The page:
Fifteen years ago, it didn’t cost anything to hire Yasmeena Menon as a personal matchmaker. It was a hobby – until it turned into a behemoth.
By 2016, the Milton, Ont., matchmaker had a business called Muslim Matrimonial and she was starting to get calls from Muslims elsewhere in the GTA, and then different parts of Canada and eventually the United States. Menon charges US$114.99, a low fee compared with other matchmaking services, which can range from $90 to $9,000 – and sometimes even higher.
She says it’s common for people who don’t know of the price to approach her with a few thousand dollars, begging her to find what many spend their whole lives seeking: their perfect match.
“People come and tell us, ‘this is as good as doing it free,’ ” she said. “People are very happy with this service – and so we are very happy.”
While matchmakers have been playing cupid since ancient times, online dating eventually eclipsed them, and especially so during the pandemic. In 2020, Match Group, which owns dating apps Tinder, Hinge and OkCupid, reported an increase in users who turned to online dating, with a 15-per-cent increase in new subscribers in their second quarter. But those numbers ceased to keep climbing, with the company delivering lower-than-expected revenue in their first quarter in 2023.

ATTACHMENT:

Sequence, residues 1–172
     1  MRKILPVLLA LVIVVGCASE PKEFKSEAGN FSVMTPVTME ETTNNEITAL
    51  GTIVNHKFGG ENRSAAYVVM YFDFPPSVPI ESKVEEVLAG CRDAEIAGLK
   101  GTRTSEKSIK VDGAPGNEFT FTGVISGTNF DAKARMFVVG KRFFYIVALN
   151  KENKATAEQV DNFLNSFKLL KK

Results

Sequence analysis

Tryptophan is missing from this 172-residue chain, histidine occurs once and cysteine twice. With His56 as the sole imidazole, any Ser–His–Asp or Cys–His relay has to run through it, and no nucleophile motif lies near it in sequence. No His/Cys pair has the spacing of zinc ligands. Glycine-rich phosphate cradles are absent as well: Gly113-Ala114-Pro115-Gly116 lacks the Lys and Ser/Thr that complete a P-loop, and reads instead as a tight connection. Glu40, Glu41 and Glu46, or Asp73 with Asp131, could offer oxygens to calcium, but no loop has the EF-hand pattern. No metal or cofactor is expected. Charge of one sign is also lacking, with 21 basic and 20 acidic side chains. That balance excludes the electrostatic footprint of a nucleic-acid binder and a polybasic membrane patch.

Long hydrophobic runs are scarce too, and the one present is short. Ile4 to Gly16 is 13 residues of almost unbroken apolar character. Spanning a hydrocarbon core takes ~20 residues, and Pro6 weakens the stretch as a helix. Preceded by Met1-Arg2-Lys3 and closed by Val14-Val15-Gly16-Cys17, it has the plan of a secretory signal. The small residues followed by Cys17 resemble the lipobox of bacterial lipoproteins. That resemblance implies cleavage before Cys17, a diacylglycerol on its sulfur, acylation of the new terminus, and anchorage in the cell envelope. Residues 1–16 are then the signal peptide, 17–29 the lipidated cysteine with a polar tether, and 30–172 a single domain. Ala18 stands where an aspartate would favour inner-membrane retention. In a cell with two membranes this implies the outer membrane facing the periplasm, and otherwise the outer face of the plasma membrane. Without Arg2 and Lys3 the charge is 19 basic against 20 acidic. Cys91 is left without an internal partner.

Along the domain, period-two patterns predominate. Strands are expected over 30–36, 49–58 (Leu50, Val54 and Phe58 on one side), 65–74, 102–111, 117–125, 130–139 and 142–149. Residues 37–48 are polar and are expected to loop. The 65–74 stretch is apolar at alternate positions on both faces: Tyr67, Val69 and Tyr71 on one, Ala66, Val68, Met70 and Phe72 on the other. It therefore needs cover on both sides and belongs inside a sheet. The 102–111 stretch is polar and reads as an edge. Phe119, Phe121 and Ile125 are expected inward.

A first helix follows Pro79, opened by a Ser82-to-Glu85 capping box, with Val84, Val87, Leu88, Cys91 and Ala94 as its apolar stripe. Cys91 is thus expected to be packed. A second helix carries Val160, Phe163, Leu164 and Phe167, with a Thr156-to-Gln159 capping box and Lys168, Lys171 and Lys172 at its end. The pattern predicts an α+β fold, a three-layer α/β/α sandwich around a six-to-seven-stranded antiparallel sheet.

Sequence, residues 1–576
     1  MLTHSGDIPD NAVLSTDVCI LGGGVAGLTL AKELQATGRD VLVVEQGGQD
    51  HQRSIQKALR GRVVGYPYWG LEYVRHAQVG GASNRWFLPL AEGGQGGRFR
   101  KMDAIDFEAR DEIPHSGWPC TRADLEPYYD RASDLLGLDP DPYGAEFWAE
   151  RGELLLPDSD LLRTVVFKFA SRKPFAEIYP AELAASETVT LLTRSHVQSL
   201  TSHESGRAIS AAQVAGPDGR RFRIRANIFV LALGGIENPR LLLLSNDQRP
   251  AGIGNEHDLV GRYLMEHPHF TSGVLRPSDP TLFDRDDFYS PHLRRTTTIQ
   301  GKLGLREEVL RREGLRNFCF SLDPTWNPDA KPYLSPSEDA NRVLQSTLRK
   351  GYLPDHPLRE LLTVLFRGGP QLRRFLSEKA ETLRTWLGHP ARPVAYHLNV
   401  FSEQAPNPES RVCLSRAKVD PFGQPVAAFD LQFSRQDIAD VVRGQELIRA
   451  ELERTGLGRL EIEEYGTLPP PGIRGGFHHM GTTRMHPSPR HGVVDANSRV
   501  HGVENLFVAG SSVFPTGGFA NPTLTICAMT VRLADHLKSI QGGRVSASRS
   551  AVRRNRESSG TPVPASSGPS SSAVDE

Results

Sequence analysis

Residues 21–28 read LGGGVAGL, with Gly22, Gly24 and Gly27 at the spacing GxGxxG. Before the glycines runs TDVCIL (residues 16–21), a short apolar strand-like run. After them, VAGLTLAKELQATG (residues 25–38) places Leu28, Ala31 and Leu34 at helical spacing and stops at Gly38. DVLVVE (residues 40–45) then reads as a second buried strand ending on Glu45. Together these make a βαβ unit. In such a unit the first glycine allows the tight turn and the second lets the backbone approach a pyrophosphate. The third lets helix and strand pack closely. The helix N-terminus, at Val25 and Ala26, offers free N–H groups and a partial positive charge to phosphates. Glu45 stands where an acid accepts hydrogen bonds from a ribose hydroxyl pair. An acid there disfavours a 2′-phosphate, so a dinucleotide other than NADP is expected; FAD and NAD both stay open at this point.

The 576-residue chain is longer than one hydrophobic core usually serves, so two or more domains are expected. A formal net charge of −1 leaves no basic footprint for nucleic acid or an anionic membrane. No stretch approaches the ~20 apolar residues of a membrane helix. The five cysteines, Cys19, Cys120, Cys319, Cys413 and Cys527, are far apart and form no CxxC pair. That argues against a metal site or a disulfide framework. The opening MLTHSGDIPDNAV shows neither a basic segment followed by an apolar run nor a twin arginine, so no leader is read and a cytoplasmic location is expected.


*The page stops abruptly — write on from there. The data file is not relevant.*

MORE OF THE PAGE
Additionally, the bossy, meddling matchmaker stereotype once portrayed on the big screen was shattered with a slew of matchmaking shows. Reality TV shows such as Netflix’s Indian Matchmaking, which premiered in 2020, convinced viewers that the practice might be the way to find love today, even when online dating apps offer the promise of love at their fingertips. Now, others such as Jewish Matchmaking and Match Me Abroad are following suit.
Matchmakers, like Menon or Indian Matchmaking’s Sima Taparia, offer what online dating doesn’t: advice from someone who gets to know you personally. It’s the difference between a tired algorithm and the guidance of a real person – a coach, an expert, a personal cheerleader. While some sink or swim alone in the online dating experience, a matchmaker is behind you in your darkest moments.